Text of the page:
Paving the protein highway

Big investments in crop processing are laying the groundwork for a world-class food manufacturing sector on the Prairies. 

By Joanne Paulson. 

Just west of the small Manitoba city of Portage la Prairie, the darkness of a winter night comes alight with the glow of a changing future. The site of a new, $400-million pea processing plant is being prepared for spring construction, and locals can’t help but be awestruck by the bustle of activity.

“Particularly after sundown, it gets really exciting here, because all the site lights come on and you say, ‘hey, there’s lots happening in that field,’” quips Vern May, executive director of Portage Regional Economic Development — the entity responsible for attracting new business to the area. “As soon as the spring thaw happens, things will be going at a pretty aggressive pace.”

The facility belongs to the French company Roquette and, until the $460 million announcement by Simplot on February 15 to double the size of its Portage la Prairie potato plant, represented the largest single private sector investment in the province’s history. It’s a move that has shifted many eyes directly onto the community, with a sense of interest and wonder as to how a region of only 20,000 people could secure such as a massive deal. Well, deals.

“When you talk to people in the foreign direct investment industry, they say this is what foreign investors are looking for: To be in the cluster, to be near an international airport, all of these things that — when we look at Portage la Prairie — we’re not,” admits May. “We’re not Toronto, Montreal, or Vancouver.”

That, however, didn’t stop the city from beating out a half-dozen other potential Canadian jurisdictions, as well as North Dakota, to land the Roquette expansion.

“Manitoba offers an environment that perfectly fits with Roquette’s strategic ambitions,” says Martin Fregeau, managing director with Roquette Canada Ltd. “It has a well-educated and professional workforce. It has strong logistics, with Winnipeg being the major Canadian hub, providing ready access to multi-modal transportation links throughout North America and beyond. And it has reliable, competitive, and sustainable hydroelectric energy.

“When you combine that with the business-friendly spirit and support we’ve received from the province and the local administration, it was clear that Portage la Prairie is a perfect location to develop a food business.”

While Roquette does operate two locations in the United States already (Illinois and Iowa), this venture is its first into the Canadian marketplace — and the first outside of France to process peas. It only makes sense. After all, Canada does account for roughly 30 per cent of the global pea production each year.

But, as with most investment attraction efforts, location alone is seldom enough. It takes a multi-faceted team of stakeholders from both the public and private sectors to pull all the necessary pieces together. In the case of Roquette, World Trade Centre Winnipeg and Manitoba Agriculture were two of the early champions to get the ball rolling.

Those relationships aren’t stagnant, either. They must also grow and evolve over time to develop the right supply chain components and labour pool to sustain a project of this magnitude. At a vendor information forum held this past November, 200 companies filled the room to hear about potential supplier opportunities.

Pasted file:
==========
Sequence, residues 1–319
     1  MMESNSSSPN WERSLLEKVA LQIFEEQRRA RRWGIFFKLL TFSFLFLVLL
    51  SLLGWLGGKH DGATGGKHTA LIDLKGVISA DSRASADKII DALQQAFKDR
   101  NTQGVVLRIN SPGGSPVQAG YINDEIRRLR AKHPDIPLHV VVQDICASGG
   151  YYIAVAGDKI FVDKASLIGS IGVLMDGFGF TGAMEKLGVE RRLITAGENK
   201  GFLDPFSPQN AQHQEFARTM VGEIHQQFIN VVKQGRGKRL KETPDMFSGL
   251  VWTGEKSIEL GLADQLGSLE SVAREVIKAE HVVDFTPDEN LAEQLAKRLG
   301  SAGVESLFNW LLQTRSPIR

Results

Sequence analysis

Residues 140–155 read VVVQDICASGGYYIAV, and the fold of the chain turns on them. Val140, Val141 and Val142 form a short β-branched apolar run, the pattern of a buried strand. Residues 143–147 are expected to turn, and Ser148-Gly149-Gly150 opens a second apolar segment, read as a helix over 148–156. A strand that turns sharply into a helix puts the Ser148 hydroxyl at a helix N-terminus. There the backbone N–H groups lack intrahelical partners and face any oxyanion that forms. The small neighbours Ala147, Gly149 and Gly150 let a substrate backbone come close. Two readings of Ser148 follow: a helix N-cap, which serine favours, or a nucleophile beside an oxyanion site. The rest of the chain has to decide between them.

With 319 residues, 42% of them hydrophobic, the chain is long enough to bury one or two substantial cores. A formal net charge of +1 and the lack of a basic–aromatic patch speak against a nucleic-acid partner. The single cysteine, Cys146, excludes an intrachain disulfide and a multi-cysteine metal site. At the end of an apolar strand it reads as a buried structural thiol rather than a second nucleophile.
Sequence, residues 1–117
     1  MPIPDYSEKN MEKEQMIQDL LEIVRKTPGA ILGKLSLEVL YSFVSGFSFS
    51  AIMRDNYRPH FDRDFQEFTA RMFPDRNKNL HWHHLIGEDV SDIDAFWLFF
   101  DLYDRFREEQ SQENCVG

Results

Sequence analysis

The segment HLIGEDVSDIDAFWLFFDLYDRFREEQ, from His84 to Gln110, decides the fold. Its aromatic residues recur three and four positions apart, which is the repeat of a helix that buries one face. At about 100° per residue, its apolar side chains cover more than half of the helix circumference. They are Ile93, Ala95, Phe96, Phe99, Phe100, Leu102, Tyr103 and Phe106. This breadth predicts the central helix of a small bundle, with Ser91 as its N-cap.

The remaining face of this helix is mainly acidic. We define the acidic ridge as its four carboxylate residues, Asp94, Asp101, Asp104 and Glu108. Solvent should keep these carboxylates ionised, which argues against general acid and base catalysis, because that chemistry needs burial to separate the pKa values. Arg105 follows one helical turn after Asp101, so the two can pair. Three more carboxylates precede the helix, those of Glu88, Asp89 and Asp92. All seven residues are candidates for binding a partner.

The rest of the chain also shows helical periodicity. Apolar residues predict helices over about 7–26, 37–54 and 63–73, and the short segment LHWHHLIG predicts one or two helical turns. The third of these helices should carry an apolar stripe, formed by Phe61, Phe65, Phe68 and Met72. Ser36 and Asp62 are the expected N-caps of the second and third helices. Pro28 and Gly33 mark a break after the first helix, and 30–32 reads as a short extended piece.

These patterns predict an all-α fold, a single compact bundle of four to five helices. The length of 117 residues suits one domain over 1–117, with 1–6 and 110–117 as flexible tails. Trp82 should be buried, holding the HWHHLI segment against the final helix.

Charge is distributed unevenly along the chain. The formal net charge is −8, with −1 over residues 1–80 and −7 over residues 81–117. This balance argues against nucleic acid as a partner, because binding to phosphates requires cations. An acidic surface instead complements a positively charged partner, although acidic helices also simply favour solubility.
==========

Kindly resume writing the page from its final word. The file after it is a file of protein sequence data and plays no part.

“There has been active engagement from groups like the Manitoba Pulse Growers Association,” notes May. “They’ve actually started some test crops this year. I think there will be an increase in pea acres locally and I expect they’ll be looking at importing from Saskatchewan, too. It just illustrates how an investment like this — although every municipality is trying to get it — how wide-reaching the economic impact is.”

Once completed, the plant will extract protein from peas for use in a range of food products, such as pasta, bread, sports bars, and soups. The construction phase alone is expected to create 350 jobs, and approximately 150 jobs are on the docket for when operations are officially commissioned.

Connecting the corridor

Roquette’s decision to invest in Manitoba is representative of a broader push to advance pulse processing and exports on the Canadian Prairies.

Several initiatives are burbling or underway to create a higher level of value-added opportunity for agricultural commodities, including the concept of the Protein Highway. This idea — an informal alliance of western provinces and northern American states, most of which have the capacity to grow dryland crops rich in proteins — was launched in September 2016 to help identify how to position the crop processing cluster as an economic engine.

Wilf Keller, CEO of Ag-West Bio Inc., a Saskatoon-based catalyst organization mandated to advance agri-products development, has helped lead the conversation from day one. In fact, he was a driving force behind the submission of a massive proposal to the Government of Canada’s supercluster initiative, which was one of five selected for funding in February. The result was $150 million in seed capital and the establishment of Protein Industries Canada — an umbrella organization bringing together 120 post-secondary institutions, research facilities, manufacturers, and other public assets to create an ‘ecosystem’ for collaboration. The proteins supercluster is expected to create 4,500 jobs across the Prairies and add $4.5 billion to the gross domestic product over the next decade.

“This framework has more structure, a defined set of goals and so forth, where the Protein Highway is more of a think-tank discussion initiative that will hopefully result in resources,” explains Keller. “If the Americans come up with a similar thing to a supercluster, we can really make it run.”

Even Hollywood is beginning to get excited about the possibilities.